How I once lost a gig to myself

The road to success or the road to failure...
The road to success or the road to failure…

As I mentioned in my previous post about the differences between Branding, Marketing, and Selling I discussed how Selling doesn’t necessarily address a customer’s needs and that if you are to work your personality into your Personal Brand, you need to make sure that your personality is appropriate for your target market because “[n]othing will turn off a potential customer faster than inappropriate behavior.”

I’ll illustrate this point with a personal anecdote.

Since I often work with a number of musical ensembles–and very different kinds of ensembles, to boot–I get to see how different types of genres and audiences and presenters work.  I also get to see what just doesn’t work, and what commonly works well for all of them.  What I also get to see is the type of culture that is built up around each and every one of these different contexts.

Some things are common-sensical.  For example, if you’re a musician in a Symphony Orchestra, you’re likely going to be dressed in a Tux for a show while in a Rock band, there’s not necessarily any kind of dress code.  You would probably be looked at oddly if you were to demand an audience be completely silent during a Country Music show while getting the “glare of death” if you speak during an Opera or Ballet.

Other things aren’t so apparent for nothing more than ignorance–see, for example, my blog post about the role of the audience at an Arab Music concert.  Other times it’s just a matter of having the ‘wrong’ type of musician for a venue, and that’s how I lost a gig to myself.

One of my groups had one of its (as well as my) longest running gigs.  For roughly five years we were playing monthly at a venue (I’m leaving the details out to protect the identity of all parties involved).  In some cases we would play the venue multiple times in a month.  We had built up a very good relationship and were good friends with the family who owned it as well as all the staff.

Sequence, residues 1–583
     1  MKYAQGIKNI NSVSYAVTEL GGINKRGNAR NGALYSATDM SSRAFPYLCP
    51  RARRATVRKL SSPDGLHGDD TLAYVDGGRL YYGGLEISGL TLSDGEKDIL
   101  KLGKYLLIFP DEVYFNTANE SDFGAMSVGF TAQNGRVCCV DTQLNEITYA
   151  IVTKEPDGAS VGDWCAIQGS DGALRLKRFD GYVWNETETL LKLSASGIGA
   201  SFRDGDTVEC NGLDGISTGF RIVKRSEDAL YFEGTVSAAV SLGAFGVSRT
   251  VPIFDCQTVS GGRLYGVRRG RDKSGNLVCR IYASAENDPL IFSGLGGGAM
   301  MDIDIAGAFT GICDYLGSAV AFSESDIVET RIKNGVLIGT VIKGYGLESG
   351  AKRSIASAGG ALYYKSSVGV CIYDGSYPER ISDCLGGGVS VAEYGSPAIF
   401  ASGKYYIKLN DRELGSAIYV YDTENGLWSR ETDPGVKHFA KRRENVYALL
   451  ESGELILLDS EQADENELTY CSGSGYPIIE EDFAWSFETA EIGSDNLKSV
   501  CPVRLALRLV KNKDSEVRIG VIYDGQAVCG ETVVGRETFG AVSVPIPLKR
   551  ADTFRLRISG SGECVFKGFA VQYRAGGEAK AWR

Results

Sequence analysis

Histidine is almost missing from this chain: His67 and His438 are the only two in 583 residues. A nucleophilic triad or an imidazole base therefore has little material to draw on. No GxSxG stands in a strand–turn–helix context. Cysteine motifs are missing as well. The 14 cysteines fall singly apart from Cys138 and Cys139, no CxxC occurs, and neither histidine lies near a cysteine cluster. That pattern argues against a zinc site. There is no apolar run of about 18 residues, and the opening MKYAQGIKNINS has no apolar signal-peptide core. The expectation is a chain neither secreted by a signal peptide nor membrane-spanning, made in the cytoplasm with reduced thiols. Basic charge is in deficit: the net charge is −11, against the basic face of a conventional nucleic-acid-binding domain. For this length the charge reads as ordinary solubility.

For the last couple of years while we were playing the venue I had this sense that we were just far to loud and lively for the venue.  The amount of amplification we had as well as the full drum set up and repertoire choices all contributed to this problem (amongst many other including a run in with one of the music licensing companies–the venue had no license).

Being the point person for PR issues and the contact person for the ensemble I usually bore the brunt of the comments and feedback.  Several times I’d been told by the employees and staff that we were just way too raucous, and many of the venue’s customers had also commented on that fact to them.  I repeatedly requested we cut back on the amplification and gear on numerous occasions to no avail and I eventually had to resort to refusing to be amplified myself in the hopes that my example might be followed, but the members of the group kept insisting on bringing the full gear.

As the family who owned the venue were from a particular ethnic group, and I happened to be working with an ensemble which played music specific to that ethnicity, I eventually talked to the owners about bringing my ethnic ensemble in to play. We eventually got a booking and we performed and were very well received.

As I had full control of the sound for this group and as I had an idea about the what sound level was appropriate for the venue (as well as having very appropriate repertoire for the venue) we were asked back.  In fact, the ethnic ensemble was asked back on a monthly basis–and my other group was politely told that we just didn’t fit in with the new direction the venue was attempting to go (the owners had just completely renovated the venue and switched the offerings from the previous ethnic fare to a more general American one).

So Ironically, given that the venue had actually moved away from its ethnic origins to a more general American one–the group, which was a more general pan-American ensemble lost the gig to the ethnic one.  In essence, I lost the gig to myself!